Relationships are an
important part of any working environment, right? Well, that goes double for
affiliate marketers and their merchant partners, as the publisher is almost
totally reliant on the advertiser to make money, all the way down to utilizing
the affiliate content they create.
Fortunately for affiliates, there are plenty of
networks that can connect them to merchants in their desired industries and
help them establish and manage these critical partnerships. But that doesn’t
mean it’s the right choice for every affiliate, nor for every merchant.
Sometimes marketers prefer to take the direct route and forge partnerships with merchants
on their own, which can also have positive results for both parties.
So, what exactly are the differences between using an affiliate network and going directly through a merchant? We will take an in-depth look at both processes below:
Finding the right business partner can be a taxing endeavor,
which is why many affiliates prefer to use affiliate networks. These
organizations not only help marketers and merchants begin their business
relationship, but they also help manage the commission flow, and we all know how
stressful money matters can be.
Using an affiliate network is certainly an acceptable
choice, as it allows publishers to manage a lot of relationships using a single
interface or dashboard, and keeps everything neat and organized. They also keep
track of an affiliate’s performance so that merchants can make an educated judgment entering into a partnership. It’s like an affiliate résumé that updates automatically.
That being said,
what publishers gain in manageability, they lose in personalization. And
while this may be fine for an affiliate with hundreds of smaller relationships,
it may be hurting the earning potential of larger-income opportunities.
route of the affiliate network allows a marketer to create a more personal, customized
deal with a merchant that clearly outlines the objectives and expectations of
both parties. And as a bonus, it also helps publishers lobby for higher
commissions, and commission increases for a job well done. By cutting out the middle-man, both parties are able to quickly make changes to their arrangements with less hassle.
Pretty much any
affiliate marketer worth his or her salt will tell you that the key to a successful
(i.e. profitable) merchant relationship is communication. And most people will
probably agree that the more personal and clear that correspondence is, the
Directly establishing a one-on-one business partnership with a merchant
can vastly improve communication between both parties, and allows them to be
more open and clear about the state and direction of their pairing.
But ultimately, the major difference is the commission flow. Affiliate networks are a business, after all, and all of the legwork they exercise for both affiliates and merchants, in terms of finding the best partners, getting them together, handing payouts and more, isn't free.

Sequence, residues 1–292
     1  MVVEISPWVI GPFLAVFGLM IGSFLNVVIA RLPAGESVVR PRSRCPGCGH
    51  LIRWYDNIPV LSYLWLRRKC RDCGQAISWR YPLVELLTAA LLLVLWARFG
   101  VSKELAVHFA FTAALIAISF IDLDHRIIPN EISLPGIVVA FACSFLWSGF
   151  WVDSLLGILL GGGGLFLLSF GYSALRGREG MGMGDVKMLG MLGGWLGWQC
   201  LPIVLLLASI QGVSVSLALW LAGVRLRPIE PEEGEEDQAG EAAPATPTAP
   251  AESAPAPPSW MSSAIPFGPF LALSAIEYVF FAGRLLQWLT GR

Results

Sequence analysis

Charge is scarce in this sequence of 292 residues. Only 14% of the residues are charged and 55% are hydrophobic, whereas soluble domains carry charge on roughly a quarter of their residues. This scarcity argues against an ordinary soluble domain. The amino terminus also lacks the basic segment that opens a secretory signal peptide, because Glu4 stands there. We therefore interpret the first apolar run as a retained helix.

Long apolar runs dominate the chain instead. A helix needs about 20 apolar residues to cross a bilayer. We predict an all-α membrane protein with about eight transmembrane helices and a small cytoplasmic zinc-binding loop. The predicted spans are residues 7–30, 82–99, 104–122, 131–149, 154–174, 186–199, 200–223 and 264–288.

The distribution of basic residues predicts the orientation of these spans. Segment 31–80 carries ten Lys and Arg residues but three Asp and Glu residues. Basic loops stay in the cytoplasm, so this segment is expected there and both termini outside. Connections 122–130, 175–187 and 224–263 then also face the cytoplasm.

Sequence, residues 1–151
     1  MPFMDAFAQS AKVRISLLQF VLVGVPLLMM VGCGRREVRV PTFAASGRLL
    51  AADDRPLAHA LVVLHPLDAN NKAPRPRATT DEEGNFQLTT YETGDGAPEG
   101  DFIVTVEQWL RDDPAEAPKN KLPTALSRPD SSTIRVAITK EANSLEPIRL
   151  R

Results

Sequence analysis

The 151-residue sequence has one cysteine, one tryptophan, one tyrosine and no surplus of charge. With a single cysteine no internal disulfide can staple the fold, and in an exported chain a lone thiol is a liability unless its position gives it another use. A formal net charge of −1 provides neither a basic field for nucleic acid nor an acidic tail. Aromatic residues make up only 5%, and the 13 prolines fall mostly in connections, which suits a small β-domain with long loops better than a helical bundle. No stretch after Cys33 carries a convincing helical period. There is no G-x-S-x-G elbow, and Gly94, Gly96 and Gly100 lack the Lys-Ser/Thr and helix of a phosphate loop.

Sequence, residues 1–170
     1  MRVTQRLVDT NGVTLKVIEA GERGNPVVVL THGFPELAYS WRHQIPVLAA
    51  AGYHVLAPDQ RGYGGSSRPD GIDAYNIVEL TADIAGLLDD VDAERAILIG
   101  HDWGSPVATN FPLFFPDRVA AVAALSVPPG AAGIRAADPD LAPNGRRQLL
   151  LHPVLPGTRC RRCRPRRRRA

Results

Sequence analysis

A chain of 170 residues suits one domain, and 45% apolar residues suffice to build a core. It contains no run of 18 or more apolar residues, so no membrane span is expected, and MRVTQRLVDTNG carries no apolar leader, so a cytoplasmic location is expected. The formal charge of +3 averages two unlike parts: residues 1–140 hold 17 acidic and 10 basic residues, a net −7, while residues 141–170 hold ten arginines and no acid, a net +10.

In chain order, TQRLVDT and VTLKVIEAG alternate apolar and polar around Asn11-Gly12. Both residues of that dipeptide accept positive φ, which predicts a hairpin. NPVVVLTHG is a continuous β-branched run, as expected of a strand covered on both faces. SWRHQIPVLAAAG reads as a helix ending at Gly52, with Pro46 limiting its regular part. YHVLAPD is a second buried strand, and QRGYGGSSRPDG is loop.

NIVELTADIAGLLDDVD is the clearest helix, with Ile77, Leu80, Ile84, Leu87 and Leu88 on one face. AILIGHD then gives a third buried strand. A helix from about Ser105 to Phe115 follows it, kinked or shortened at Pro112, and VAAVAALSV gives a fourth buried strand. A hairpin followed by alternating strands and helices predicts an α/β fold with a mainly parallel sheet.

Somewhere in the transaction from merchant to marketer, some money has to go to the network. This could mean that the rates an advertiser pays out feel inflated, or that publishers have to accept they will be parting with a percentage of their earnings.
A direct partnership obviously means the commission will go directly from merchant to publisher, and neither side has to adjust their earnings/payouts to include the cost of using a network.
If you’re an affiliate marketer looking to ditch the affiliate
network, or just add to your impressive list of revenue opportunities,
going direct is a surprisingly simple process. In some ways, it could even be
considered easier than using a network.
The first thing to do is identify those merchants that you
think would be most appropriate for your website, as in the products or
services that you would most like to promote that will have mutually beneficial
results. If you don't already have specific merchants in mind, you can always look to one of the many affiliate program directories online.
These sites list a variety of companies that offer affiliate programs and are often divided into different categories, making it easy to browse your particular target industry to find the programs that best meet your criteria.
Once you’ve targeted potential advertisers, simply contact them directly. Most merchants
with affiliate programs will have a link to the program’s Web page at
the bottom of their site, and typically this page features a registration form.
If a merchant doesn’t have this link and/or form, but you are aware of an existing affiliate
program, then you can always find additional contact information and express your interest the old-fashioned way.
Then, it’s just a matter of waiting for the merchant to
respond and hashing out the details. It’s best to be up front about how much
you feel you should earn, and why, and be willing to compromise to find the
commission structure that will work best for both parties.